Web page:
Waivers, COA’s and Part 107

Before we get started, here are some important questions and facts concerning the FAA and current regulations in place concerning waivers, COA’s and Part 107  for the operation of Unmanned Aircraft Systems.

If your answer is YES to ALL of the questions below…

  • Are you law enforcement, fire department, rescue organization or a government agency (federal entity; a state or U.S. territory government; or a political subdivision of a state government, U.S. territory government, or part of a Tribal Indian Government listed in the Robert T Stafford Disaster Relief and Emergency Assistance Act (42 U.S.C. § 5122))?
  • Are you planning to fly on behalf of your government agency; meaning the mission you plan to fly meets the definition of a governmental function?
  • Does your agency currently own (or plan to own) and operate its own equipment OR have an exclusive lease on it for more than 90 days?
  • Does your drone weigh less than 55 pounds?

..then you have two options depending on your mission. You may operate under Public Aircraft Operation Certificate of Authorization (COA) OR the FAA’s Small UAS Rule (14 CFR part 107).

    1. Certificates of Waiver or Authorization (COA)
    2. FAA’s Small UAS Rule (14 CFR part 107)
    3. Complete PART 107 – sUAS e-CFR

If you answered NO to ANY of the above questions…

  • Are you a recreational Flyer and/or Modeler Community-Based Organization? source

If your answer is YES…

Where Can I Fly? source

  • Can I become a Certificated Remote Pilot or Commercial Operator under Part 107?  source
  • How to apply to become a Drone Pilot?  source
  • Public Safety Agencies and Government Organizations source
    1. How to start a Drone Program source
    2. Emergency Authorizations & Operations source
    3. Public Safety and Law Enforcement Toolkit source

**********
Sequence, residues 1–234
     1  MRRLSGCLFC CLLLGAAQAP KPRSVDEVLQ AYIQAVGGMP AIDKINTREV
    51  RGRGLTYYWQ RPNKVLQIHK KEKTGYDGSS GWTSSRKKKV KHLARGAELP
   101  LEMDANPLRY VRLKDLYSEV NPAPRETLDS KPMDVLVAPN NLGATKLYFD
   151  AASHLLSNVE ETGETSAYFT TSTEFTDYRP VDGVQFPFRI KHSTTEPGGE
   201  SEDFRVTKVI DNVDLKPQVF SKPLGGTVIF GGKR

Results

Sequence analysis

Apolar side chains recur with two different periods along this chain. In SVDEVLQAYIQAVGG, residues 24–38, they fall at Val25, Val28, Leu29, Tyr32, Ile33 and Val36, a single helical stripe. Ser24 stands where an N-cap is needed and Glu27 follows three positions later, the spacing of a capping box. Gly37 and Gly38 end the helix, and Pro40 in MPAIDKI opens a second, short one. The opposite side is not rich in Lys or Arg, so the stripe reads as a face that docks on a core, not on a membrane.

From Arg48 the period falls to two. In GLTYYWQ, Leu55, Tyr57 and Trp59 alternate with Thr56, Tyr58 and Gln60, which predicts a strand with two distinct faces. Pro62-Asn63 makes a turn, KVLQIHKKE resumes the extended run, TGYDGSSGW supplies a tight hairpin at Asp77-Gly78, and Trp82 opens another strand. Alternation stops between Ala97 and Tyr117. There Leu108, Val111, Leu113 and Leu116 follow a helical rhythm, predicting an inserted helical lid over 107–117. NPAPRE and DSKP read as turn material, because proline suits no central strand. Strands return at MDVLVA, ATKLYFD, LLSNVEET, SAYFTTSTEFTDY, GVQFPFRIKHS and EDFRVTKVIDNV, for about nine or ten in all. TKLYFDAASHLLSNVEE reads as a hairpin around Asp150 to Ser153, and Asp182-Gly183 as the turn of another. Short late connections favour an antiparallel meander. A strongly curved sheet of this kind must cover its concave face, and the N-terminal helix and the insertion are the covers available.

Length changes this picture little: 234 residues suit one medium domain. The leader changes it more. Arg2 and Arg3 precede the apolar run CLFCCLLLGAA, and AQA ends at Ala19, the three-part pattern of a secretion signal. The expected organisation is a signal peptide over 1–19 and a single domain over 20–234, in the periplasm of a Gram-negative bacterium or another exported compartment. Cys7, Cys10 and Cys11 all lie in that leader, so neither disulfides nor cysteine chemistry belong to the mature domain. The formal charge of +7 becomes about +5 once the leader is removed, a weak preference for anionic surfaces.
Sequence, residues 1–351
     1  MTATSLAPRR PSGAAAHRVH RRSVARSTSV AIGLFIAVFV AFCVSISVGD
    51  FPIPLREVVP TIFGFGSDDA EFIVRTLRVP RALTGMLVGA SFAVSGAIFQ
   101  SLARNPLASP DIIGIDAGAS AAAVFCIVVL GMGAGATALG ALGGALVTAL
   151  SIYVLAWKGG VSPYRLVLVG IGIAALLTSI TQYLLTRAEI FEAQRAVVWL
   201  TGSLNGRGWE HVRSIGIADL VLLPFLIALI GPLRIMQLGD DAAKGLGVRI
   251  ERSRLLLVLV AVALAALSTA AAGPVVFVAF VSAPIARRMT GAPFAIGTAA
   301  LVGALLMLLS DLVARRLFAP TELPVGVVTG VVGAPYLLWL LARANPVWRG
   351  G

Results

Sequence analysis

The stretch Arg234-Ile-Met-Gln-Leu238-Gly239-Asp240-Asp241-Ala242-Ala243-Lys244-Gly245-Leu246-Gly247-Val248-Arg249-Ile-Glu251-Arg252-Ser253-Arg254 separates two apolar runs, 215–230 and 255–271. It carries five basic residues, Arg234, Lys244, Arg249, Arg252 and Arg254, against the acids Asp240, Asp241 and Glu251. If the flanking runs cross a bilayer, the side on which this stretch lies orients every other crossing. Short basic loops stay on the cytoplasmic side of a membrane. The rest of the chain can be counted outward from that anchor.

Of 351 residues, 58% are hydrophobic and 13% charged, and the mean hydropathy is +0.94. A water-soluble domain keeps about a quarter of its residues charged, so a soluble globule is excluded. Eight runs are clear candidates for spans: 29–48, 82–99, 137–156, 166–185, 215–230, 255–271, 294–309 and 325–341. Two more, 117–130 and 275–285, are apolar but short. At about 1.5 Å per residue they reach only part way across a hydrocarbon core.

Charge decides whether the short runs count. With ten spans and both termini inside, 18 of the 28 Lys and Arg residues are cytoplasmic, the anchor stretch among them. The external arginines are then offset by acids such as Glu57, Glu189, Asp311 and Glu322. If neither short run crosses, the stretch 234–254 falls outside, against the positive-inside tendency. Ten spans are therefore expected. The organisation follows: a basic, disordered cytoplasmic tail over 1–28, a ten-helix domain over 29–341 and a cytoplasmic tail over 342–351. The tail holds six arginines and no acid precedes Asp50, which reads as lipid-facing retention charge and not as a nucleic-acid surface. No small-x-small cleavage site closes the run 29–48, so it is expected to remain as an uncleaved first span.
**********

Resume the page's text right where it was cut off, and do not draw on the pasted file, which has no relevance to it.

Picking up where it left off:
4. Public Safety FAQs source


On Monday, December 28, 2020 the Federal Aviation Administration (FAA) submitted two final rules for publication in the Federal Register The new rules will require Remote Identification (Remote ID) of drones and allow operators of small drones to fly over people and at night under certain conditions. Both the Remote Identification of Unmanned Aircraft and Operation of Small Unmanned Aircraft Systems (UAS) Over People rules will primarily take effect 60 days after publication, while implementation periods for specific elements within each rule vary. The publication of this regulatory package marks a major milestone for this industry.

The Remote ID rule (PDF) applies to all operators of drones that require FAA registration. There are three ways to comply with the operational requirements:

  1. Operate a standard Remote ID drone that broadcasts identification and location information of the drone and control station;
  2. Operate a drone with a Remote ID broadcast module (may be a separate device attached to the drone), which broadcasts identification, location, and take-off information; or
  3. Operate a drone without Remote ID but at specific FAA-recognized identification areas.

The Operations Over People and at Night rule (PDF) applies to Part 107 operators. The ability to fly over people and moving vehicles varies depending on the level of risk a small drone operation presents to people on the ground. Operations are permitted based on four categories, which can be found in the executive summary (PDF) accompanying the rule. Additionally, this rule allows for operations at night under certain conditions.

The final rule requires that small drone operators have their remote pilot certificate and identification in their physical possession when operating, ready to present to authorities if needed. This rule also expands the class of authorities who may request these forms from a remote pilot. The final rule replaces the requirement to complete a recurrent test every 24 calendar months with the requirement to complete updated recurrent training that includes operating at night in identified subject areas. 

Both rules will become effective 60 days after publication in the Federal Register. The Remote ID rule includes two compliance dates. Drone manufacturers will have 18 months to begin producing drones with Remote ID, with operators having an additional year to start using drones with Remote ID.

Please remember, this is only a brief summary of the regulations and laws concerning the operation of Unmanned Vehicle Systems.

Be sure to check out our Frequently Asked Questions and How to Order pages.

LE Drones is dedicated to helping public service entities create, launch and scale their drone programs. Our services encompass everything an organization needs to manage hardware and logistics, and to guide field personnel toward successful operations.

We strongly recommend that ALL customers and drone operators purchase liability insurance for their UAS’s.

Feel free to contact us with any questions you may have concerning the setup or operations of your UAS program.

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